We’re running out of time.
That’s the message currently on full display at Highland Council headquarters.
But it wasn’t elected officials shouting the message on Tuesday morning, it was coming from young people. Kids as young as six were making their voices heard through art, writing and conversations with each other.
Highland Council played host to a Mock COP27, organised by The Open University in Scotland, in partnership with the Highland One World Global Education Centre, and Developing the Young Workforce.
Organisers said the event gives students a chance to develop critical skills in negotiation, empathy and debate.
But beyond the classroom benefits, the Mock COP gave young people what they’re most eager for: a voice in how their future is going to play out.
As Inverness Royal Academy student Adnan Hussain said, it’s time for young people to get serious.
“We live in a world of instant gratification. We’re all consumers, but we don’t realise that our consumption is damaging the environment.
“We need to be more mindful about how we treat the world.”
Mock COP27: Know how the other side thinks
Students from 11 schools across the north – from Ardnamurchan to Gairloch to Speyside – crowded into the Highland Council chambers to debate a new global climate policy.
Teams of five or six students from each school were each assigned a specific country or organisation to represent. There were delegations from China, the UK and Ethiopia; representatives of corporations such as Shell and BP; and advocates for small island nations, refugees and indigenous peoples.
But the delegates weren’t the only ones with a role to play. There was also a team of student reporters roaming the chamber, keeping tabs on the conversation and keeping the narrative focused on the climate crisis.
Students needed to hold two minds throughout the day. One for their personal values, and one for the organisation they represented. For some like Inverness Royal Academy’s Mark Fernando, this was a tough ask.
“I only did it because I heard my school was playing China. I thought it was going to be really interesting to see how I could argue from a standpoint that I flat-out disagree with.
“It’s going to be very hard. I have to actively fight against myself and say things like, ‘Yes, I do want more coal production!’”
His classmate Ava McIlwraith agreed.
“Getting into a different mindset was a little more difficult than I thought it would be,” she said.
“But we finally got into a position where we could tell ourselves that this is what they would do, but not what we would do.”
‘Scary’ to think of the future
Catriona Willis, coordinator for Highland One World Global Education Centre, said this discomfort was intentional.
“At the Mock COP27 they’re developing negotiation skills, but they’re also developing empathy.
“They’ve all got an agenda. By negotiating, they have an opportunity to listen to others from another point of view and come to a shared understanding. That’s a really important thing for young people to develop.”
Across the aisle from Mark and Ava, students from Culloden Academy were preparing notes. But as representatives of the United Nations High Commissioner for Refugees, they had a different goal than the Chinese delegation.
Lachlan Jack said he and his classmates were responsible for convincing big companies and big countries to mitigate the impact of the climate crisis on refugee communities.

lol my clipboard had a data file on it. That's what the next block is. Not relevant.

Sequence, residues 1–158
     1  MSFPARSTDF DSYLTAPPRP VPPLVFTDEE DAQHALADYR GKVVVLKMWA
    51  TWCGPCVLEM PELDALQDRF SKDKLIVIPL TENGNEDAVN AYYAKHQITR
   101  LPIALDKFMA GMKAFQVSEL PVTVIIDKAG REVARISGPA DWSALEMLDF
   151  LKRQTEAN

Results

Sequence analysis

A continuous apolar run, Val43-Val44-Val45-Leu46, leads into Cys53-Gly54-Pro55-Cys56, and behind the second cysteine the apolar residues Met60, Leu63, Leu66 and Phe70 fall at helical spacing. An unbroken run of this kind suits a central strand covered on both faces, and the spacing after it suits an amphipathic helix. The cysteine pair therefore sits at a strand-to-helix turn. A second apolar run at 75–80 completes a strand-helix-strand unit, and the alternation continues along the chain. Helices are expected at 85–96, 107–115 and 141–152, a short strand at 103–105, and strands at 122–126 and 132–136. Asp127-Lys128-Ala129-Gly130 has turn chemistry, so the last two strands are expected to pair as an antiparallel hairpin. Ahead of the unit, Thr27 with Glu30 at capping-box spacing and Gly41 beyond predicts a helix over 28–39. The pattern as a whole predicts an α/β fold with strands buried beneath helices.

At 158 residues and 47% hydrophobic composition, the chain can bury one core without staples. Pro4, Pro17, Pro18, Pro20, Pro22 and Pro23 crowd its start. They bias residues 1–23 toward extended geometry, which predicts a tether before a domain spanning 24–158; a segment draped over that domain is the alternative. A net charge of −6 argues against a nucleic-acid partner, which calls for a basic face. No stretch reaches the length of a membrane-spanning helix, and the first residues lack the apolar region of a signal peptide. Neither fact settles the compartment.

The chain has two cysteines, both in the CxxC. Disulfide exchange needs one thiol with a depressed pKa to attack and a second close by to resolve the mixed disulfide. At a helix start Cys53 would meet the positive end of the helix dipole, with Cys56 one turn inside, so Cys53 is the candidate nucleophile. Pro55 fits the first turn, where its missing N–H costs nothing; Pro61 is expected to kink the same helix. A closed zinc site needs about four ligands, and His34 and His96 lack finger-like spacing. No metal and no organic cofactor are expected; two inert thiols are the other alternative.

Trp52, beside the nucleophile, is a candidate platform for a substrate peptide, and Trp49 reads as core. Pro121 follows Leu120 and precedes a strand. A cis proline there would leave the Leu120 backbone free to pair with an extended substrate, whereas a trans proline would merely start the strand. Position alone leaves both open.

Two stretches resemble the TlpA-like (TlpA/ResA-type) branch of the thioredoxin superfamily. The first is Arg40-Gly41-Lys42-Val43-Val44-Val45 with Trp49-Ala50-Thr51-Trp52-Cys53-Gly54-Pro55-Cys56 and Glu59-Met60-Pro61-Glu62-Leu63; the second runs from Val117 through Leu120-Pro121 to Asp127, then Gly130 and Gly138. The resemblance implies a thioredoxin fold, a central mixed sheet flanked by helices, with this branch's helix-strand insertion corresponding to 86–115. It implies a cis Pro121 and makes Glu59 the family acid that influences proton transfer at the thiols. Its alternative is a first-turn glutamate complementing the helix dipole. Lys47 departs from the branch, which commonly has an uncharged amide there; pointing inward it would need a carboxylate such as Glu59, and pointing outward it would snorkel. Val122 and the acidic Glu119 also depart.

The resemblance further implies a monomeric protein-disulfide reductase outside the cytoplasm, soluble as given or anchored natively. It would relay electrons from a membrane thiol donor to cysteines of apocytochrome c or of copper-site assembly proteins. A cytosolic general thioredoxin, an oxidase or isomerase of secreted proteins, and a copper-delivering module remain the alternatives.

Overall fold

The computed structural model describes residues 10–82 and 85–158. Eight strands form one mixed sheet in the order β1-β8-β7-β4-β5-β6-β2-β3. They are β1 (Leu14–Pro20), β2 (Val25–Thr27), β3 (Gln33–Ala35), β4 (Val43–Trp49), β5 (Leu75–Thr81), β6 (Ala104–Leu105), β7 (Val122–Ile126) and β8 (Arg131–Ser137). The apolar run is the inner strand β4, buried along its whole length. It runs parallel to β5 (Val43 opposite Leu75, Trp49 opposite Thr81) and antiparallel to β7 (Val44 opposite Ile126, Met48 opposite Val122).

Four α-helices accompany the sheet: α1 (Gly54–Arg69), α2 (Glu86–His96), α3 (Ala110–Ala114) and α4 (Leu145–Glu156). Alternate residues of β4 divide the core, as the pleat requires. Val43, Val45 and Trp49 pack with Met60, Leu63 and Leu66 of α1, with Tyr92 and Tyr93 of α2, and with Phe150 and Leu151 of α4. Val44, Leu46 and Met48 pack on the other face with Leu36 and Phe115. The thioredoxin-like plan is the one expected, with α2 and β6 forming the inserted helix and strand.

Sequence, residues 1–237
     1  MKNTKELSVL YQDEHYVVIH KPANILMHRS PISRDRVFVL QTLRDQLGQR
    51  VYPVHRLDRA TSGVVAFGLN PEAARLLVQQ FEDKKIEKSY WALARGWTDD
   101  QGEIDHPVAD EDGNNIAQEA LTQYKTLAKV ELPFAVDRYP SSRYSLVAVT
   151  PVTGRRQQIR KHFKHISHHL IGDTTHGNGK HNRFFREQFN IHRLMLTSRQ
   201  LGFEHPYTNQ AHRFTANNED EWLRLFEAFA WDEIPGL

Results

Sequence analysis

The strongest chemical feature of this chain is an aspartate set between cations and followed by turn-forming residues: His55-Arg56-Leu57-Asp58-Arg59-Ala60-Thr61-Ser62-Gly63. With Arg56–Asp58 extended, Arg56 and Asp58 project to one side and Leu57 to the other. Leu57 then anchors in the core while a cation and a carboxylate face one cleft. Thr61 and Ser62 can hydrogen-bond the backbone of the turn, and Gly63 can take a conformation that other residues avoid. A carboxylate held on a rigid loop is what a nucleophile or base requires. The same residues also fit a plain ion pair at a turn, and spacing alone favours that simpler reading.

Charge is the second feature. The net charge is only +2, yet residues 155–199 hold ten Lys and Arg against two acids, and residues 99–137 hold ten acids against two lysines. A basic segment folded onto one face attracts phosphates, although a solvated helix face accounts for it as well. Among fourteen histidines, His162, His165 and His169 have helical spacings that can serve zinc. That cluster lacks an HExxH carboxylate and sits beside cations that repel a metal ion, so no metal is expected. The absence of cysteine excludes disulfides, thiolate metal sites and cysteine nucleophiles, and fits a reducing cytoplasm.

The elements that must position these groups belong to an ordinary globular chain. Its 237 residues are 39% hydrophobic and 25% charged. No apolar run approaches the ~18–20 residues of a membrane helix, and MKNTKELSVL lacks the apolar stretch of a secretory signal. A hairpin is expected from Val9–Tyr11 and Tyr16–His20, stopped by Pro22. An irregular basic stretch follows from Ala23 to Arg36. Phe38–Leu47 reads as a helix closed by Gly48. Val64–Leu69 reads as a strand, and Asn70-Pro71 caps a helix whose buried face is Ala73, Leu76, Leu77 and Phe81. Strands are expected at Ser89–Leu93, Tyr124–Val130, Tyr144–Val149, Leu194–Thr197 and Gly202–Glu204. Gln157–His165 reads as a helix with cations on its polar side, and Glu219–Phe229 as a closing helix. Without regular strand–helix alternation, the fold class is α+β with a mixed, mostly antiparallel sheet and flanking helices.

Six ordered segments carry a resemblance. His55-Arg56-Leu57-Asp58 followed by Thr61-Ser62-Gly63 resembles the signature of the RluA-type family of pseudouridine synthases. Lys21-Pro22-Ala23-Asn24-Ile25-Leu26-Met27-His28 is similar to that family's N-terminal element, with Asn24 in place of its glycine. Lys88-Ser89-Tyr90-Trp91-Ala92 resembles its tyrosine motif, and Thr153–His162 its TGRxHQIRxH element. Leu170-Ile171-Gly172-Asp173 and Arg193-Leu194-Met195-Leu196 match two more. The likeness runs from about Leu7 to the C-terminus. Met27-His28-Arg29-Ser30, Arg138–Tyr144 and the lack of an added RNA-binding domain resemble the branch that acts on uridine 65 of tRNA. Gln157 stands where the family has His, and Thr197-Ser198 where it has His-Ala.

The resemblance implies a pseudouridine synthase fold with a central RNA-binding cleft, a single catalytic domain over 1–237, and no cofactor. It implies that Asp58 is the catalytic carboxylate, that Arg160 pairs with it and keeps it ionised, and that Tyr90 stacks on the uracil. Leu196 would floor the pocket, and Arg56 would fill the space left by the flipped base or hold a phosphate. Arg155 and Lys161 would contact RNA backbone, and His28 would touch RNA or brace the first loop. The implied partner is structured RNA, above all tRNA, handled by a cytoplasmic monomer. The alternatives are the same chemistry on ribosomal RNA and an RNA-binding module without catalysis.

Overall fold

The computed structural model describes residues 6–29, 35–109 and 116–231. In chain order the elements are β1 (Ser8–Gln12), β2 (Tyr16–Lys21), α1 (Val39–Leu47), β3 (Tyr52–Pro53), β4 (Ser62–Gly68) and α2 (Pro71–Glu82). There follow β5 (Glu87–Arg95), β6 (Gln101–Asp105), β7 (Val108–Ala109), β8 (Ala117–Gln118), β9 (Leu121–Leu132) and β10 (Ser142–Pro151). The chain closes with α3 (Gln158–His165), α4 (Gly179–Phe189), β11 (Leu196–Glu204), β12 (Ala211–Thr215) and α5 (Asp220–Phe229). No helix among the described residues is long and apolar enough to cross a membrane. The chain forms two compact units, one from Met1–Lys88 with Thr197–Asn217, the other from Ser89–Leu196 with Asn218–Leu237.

His classmate Anna Beattie said that preparing for Mock COP27 gave her a new perspective on the climate crisis.
“It’s important to us, and it’s a scary idea because the experts’ best-case scenario keeps getting worse and worse and worse.”
Loch Ness, not Loch Mess
While the high schoolers debated and negotiated their way towards a hopeful resolution, an even younger generation was giving voice to their own concerns in the halls.
Every visitor to the council chambers was greeted by the Art for Action exhibit. The series of installations highlighted the creative talents from 12 primary schools across the north.
Pupils at Lochardil created a tribute to Loch Ness that was also a warning. On one side was an idyllic vision of Nessie in bright blue waters. But on the other, Loch Mess loomed, decorated with real trash that the pupils themselves took out of the river.
Mock COP27: Leading the next generation
Gemma Burnside, partnership manager at the Open University and Mock COP27’s lead organiser, said that she has seen young people spurred into action by climate talks.
Last year, she arranged a successful virtual Mock COP event. But this year, the event expanded and students and teachers flocked to the idea.
“They feel like they can actually do something. When you listen to young people, they want to follow through. They want real action and they want to see a change and make a change.”
— OU in Scotland (@OUScotland) November 15, 2022
And she said that taking on the role of different groups helps them reconsider the real-life climate debates.
“It helps them understand the imbalances in these conversations as well. Who holds the power and has the biggest voice? Who writes the resolutions and actually incorporates the change?”
Councillor Karl Rosie, chair of Highland Council’s new climate change committee, called it an honour to host the event.
“Events like this that involve young people are so important. It’s critical for young people to have their voices be heard, not just for climate change but for democracy in general.
“The opportunities are so widespread across the Highlands, and I find it encouraging to see so much activity going on at the ground level. Greener policies don’t work if they aren’t taken up in the street.”